A former university professor, Dr. Cummings could captivate any crowd. “He was one of the best speakers – to one person or a group of three or a group of 75. There wasn’t a subject he wasn’t fun on,” Lynch recalled. “He would have been a great actor, I think. His whole personality was just outstanding. He was Mr. Enthusiastic.”

In one of several tributes posted online, Historic New England curator emeritus Richard C. Nylander said Dr. Cummings “was many things, but above all, he was a mentor and teacher to both young and old. He was full of knowledge, which he selflessly shared, and he was always open to new ideas. His enthusiasm was contagious, not just for architecture, for which he is most well-known, but for anything that piqued his interest.”

Donald Friary, a longtime friend and the president of the Colonial Society of Massachusetts, said Dr. Cummings “was a very accomplished scholar with high standards of evidence, of research, and of writing,” someone whose work “had a profound influence on a whole generation of students and scholars.”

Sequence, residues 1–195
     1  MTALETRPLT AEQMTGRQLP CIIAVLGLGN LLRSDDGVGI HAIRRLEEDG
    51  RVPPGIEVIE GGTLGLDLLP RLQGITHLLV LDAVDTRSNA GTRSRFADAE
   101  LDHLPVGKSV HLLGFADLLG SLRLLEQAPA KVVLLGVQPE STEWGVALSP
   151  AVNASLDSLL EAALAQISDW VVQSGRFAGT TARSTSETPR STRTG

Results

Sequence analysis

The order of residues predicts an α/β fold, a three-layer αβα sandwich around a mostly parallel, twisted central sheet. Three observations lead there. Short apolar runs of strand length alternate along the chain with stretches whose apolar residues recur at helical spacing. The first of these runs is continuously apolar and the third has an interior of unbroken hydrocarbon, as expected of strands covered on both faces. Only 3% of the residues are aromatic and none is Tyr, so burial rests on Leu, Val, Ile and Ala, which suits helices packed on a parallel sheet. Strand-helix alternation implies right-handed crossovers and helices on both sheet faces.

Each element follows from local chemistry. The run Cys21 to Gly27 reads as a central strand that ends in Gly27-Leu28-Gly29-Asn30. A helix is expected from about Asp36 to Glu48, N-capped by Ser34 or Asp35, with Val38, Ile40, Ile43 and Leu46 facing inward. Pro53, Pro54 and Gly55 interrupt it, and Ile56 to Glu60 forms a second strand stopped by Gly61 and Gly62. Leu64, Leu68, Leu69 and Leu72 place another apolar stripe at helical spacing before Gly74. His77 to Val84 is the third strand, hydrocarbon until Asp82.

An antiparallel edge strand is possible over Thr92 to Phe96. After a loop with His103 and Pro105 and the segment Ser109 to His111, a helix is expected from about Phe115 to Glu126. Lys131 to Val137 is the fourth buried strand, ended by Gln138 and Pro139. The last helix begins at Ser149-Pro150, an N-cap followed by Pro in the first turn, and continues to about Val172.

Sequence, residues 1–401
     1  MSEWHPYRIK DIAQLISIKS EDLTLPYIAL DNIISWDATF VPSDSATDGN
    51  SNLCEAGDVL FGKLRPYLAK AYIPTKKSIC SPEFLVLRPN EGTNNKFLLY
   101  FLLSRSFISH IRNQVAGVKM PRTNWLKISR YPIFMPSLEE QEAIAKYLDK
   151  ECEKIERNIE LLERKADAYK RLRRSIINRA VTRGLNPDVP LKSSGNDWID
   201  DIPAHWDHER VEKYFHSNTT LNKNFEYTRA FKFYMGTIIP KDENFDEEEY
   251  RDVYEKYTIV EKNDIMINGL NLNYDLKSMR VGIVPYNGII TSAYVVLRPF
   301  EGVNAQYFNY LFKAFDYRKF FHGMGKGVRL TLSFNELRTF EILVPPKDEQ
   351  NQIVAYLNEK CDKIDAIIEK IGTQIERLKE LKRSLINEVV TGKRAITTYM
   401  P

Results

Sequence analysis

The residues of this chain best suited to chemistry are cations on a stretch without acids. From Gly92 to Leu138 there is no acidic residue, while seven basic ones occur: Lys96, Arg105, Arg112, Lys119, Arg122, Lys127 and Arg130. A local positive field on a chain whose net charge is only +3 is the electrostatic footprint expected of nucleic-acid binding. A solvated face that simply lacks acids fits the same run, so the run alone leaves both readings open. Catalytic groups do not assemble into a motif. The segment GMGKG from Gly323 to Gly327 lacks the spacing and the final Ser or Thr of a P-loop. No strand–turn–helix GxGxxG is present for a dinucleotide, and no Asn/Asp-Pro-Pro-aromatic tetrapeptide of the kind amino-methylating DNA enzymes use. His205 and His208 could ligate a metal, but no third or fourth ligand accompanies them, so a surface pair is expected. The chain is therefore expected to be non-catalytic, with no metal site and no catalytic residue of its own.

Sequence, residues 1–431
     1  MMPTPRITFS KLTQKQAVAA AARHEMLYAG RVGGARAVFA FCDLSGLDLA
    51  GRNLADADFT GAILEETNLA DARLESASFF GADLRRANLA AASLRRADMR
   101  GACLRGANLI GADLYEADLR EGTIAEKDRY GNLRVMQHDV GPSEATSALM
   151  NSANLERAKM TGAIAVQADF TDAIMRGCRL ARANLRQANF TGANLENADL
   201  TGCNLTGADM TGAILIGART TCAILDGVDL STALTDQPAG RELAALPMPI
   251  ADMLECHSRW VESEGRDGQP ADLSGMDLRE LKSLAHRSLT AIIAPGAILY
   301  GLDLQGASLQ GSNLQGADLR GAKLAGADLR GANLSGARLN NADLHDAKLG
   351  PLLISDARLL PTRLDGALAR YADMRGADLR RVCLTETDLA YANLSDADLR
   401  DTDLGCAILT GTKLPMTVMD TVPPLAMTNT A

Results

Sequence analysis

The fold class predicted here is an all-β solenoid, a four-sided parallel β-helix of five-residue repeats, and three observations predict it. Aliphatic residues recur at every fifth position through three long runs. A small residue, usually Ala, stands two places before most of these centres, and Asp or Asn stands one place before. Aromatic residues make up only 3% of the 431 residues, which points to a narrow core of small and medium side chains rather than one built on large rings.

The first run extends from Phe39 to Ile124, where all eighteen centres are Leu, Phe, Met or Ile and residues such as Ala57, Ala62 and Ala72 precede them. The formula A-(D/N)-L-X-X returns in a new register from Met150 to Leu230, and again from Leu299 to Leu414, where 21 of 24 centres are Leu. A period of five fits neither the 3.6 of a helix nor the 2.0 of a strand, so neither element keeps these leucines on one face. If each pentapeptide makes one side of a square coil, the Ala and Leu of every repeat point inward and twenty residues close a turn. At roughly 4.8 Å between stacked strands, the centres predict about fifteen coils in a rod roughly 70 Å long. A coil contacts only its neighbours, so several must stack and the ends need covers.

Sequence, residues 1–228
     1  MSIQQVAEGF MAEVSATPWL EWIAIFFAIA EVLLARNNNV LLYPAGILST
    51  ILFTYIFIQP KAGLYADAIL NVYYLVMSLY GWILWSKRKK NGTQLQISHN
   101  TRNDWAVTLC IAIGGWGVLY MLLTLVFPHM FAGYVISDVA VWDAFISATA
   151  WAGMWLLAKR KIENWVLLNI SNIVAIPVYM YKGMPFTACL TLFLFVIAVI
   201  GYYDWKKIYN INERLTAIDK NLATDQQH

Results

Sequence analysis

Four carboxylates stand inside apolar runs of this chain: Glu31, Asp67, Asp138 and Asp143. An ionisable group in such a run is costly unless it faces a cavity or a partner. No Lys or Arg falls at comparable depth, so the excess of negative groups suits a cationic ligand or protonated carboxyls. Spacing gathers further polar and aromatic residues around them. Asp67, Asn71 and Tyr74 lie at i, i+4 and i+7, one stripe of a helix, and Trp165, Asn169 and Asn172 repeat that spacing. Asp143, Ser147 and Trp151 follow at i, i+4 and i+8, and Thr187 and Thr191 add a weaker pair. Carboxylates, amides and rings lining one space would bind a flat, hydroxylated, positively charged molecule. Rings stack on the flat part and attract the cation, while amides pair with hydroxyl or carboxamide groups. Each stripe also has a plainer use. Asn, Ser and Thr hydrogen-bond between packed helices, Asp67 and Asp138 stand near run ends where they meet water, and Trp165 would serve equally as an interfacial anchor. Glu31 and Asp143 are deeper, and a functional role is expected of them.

Dr. Cummings taught at Antioch College in Ohio while finishing his doctoral work, and later was the Charles F. Montgomery professor of American decorative arts at Yale University for about eight years, beginning in 1984.


“He was very effective as a teacher,” Friary said. “He could really get people excited, and therefore had a large following of students in whose careers and lives he made a great difference.”

The oldest of three siblings, Abbott Lowell Cummings was born in born in St. Albans, Vt. His father, the Rev. Stanley Cummings, and his mother, Louise, subsequently lived in Bennington, Vt., where his father was pastor of the Second Congregational Church.

While attending the Hoosac School in Hoosick, N.Y., Dr. Cummings spent winters with his parents in Bennington and summers in Southington, Conn., with his paternal grandmother, Lucretia Amelia Stow Cummings.

“At a personal level, my grandmother had as much influence as anyone on my life,” he said in an interview with Antiques and the Arts Weekly when the Winterthur Museum in Delaware honored his work with a Henry Francis du Pont Award in 1998. “She was a scientist by training, a Vassar graduate who had studied astronomy. She drilled into me the need to be very factual.”